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Summer Scars Reviews

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Todd S

Super Reviewer

April 26, 2010
When a group of friends in Wales decide to cut school and hang out in the woods, they meet a drifter who will change their lives in the shocking true story, Summer Scars. Writer/Director Julian Richards claims that this actually happened to him as a child. At 67 minutes long, this is one of the shortest films you will ever see and still it felt like it was too long. What happened was unique and defiantly worthy of a film, but it seems to me like Richards decided to tell the entire truth of what happened in painstaking detail. What this film needed was some fiction thrown in to make the story more interesting and to space out the events of what happened. As for the cast, it was almost completely full of newcomers, some of which were horrible, but others like Darren Evans, showed some real skill and a bright future. The only veteran actor was Kevin Howarth, who played the drifter and he was terrific. The veteran horror actor really showed us in a short period of time, what this guy must have really been like and he was really amazing. It's the performances of Howarth and Evans that make this short, creepy film worth watching. Summer Scars was an interesting story, but jumped around so much and had a hard time finding direction. For long periods of time nothing happens, but when it finally does, it comes at you so quickly that you're just confused. I liked this film, but with the story they had to go with, if they had had a better cast, and spread things out a little more, Summer Scars could have been so much more than it was.

Super Reviewer

January 2, 2009
if this is what the British are caling horror or thriller, thn I dont know the genre horror is anymore. Quite a film for teenagers, nothing scary at all, no actions, no suspence, I dont recommend this at all, 2 stars
July 29, 2011
For an ultra low budget movie this is very watchable. has more tension and drama than most Hollywood films in it's short running time
rip e.
April 26, 2009
British director Julian Richards teams up with his Last Horror Movie
cohort actor Kevin Howarth for another go at the reality-thriller-horror
genre with Summer Scars. This time however, 'based on a true story'
quite effectively replaces the tissue-paper thin conceit from Last
Horror, making for affecting, disturbing viewing of high order.
A group of disaffected British youths (including the token girl) have
naught to do but nick motor scooters and play in the woods. They're
toughs the likes of which boys who identify with Michael Cera might
rather be (except Cera keeps getting the girl, so what do I know?)
These dudes seem content with bluster and bullying, egged on by
tomboy Leanne, (perfectly played by Amy Harvey) until a brash joyride
on the stolen scooter accidentally bags 'em a weird transient.
The bum, Peter (Howarth) catches up with the panicked kids,
complains of a few broken ribs, and begins luring them into a weird
web wherein only bad things can happen. Quickly gaining their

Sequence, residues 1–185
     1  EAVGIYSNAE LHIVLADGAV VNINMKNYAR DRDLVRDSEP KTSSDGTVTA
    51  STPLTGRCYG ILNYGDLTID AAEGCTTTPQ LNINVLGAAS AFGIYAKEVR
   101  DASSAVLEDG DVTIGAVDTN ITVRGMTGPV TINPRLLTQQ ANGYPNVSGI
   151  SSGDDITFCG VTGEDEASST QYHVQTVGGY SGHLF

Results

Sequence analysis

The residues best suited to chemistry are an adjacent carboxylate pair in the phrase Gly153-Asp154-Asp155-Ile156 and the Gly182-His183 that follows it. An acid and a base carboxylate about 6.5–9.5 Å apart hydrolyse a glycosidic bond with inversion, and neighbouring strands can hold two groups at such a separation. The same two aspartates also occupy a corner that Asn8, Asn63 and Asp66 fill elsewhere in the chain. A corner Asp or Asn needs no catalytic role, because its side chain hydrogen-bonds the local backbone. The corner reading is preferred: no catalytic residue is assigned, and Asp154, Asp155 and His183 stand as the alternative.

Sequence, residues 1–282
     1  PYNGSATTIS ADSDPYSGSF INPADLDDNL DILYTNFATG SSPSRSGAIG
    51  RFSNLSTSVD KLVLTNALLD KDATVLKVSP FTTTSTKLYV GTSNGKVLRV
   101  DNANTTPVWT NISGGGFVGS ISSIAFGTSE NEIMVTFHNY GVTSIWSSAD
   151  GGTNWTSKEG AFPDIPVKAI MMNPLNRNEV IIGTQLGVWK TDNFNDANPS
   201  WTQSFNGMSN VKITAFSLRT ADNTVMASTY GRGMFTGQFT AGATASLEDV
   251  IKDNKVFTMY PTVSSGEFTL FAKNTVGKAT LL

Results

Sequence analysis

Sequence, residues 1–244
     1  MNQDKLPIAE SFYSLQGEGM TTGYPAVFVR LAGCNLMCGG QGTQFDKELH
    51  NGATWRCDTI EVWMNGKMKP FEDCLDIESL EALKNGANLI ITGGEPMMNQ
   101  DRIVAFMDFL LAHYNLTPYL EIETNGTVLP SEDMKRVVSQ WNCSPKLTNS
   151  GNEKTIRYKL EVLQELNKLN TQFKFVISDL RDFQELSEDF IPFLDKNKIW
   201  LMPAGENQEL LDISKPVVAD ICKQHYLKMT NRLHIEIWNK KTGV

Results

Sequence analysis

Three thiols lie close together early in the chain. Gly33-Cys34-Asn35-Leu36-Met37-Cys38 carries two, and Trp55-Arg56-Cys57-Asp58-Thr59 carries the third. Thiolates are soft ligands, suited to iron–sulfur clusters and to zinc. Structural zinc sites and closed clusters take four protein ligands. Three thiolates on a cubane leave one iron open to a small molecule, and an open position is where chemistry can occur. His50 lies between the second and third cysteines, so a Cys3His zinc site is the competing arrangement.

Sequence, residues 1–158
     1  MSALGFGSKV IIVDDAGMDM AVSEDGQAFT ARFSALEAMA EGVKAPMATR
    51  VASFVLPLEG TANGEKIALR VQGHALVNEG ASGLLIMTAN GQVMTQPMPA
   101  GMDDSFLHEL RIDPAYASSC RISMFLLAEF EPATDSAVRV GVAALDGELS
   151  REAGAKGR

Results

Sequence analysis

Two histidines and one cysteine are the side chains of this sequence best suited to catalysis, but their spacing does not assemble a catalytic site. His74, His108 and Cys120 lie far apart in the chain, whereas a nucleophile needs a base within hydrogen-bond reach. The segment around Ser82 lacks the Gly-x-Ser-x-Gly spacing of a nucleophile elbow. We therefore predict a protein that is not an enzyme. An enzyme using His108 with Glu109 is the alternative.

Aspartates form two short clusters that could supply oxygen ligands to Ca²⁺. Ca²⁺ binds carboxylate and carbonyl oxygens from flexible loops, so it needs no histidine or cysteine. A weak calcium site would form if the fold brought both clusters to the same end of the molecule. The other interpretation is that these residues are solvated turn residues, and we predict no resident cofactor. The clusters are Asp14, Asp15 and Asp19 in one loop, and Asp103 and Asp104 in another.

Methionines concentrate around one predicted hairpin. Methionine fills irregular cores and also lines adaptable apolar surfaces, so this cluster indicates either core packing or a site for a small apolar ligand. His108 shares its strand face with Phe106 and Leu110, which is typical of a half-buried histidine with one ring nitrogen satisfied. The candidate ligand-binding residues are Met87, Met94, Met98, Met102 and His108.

sympathy, he asks them to help him look for his dog Jesus, and you
know that soon enough pretty much everybody's going to start acting
like they know not what they're doing. But will there be enough
forgiveness to go around?

This gripping coming-of-age drama, at little more than an hour feels
like a modernized '70s grindhouse horror movie - rife with the
possibility of graphic cruelty and horrific dehumanization. That such
potential atrocities remain mostly just possibilities is a bit of a
blessing, as levels of emotional and psychological cruelty are high
enough. Still, this circumspect look at wayward British youth - a smart
after-school special for the 21st century - feels like Mike Leigh's take
on Stand By Me, harsh but sympathetic. Though the kids are more
than willing to pummel each other (or anyone else) over the slightest
affront, they're full of humanity and poised on a precipice, looking
down on a life full of emotionally cut-off anger from a perch where
hurt feelings still register instantly on the face.

Throughout, weird, inexplicable layers make for a constantly shifting,
engrossing experience. Off his nut hobo Peter's lapses between gleeful,
youthful idiocy and violent games prove his instability. But his
Svengali-like ability to sort these kids out and play them against
themselves and each other (plus Howarth's very natural, yet totally
unhinged performance) breaks spirits with chilling plausibility.
Ciaran Joyce, Amy Harvey, Jonathan Jones, Darren Evans, Christopher
Conway and Ryan Conway (the kids) each in turn dig deep, never
seeming like the inexperienced actors some of them are - you believe
they just walked off the street and into this movie. Quick, beautiful
moments render them real and innocent, making their plight that
much more affecting than if they were just cartoons of youth violence.
A cell phone call at a bad moment forces two (brothers) to place their
dinner order with mum, the way it plays out is both sunny and filled
with casual fraternal cruelty - the last already-withered rays of hope
on a day when clouds move in to stay.

?Summer Scars' simple story takes youth heading down the wrong
path, diverting them onto a path that's even worse. Easy, unforced
performances all around make the psychologically awful things that
happen to the kids deeply troubling, yet truly gripping viewing. Lean,
mean, disturbing and deftly crafted, Summer Scars is definitely
recommended. (And stick through the end credits if you want the full
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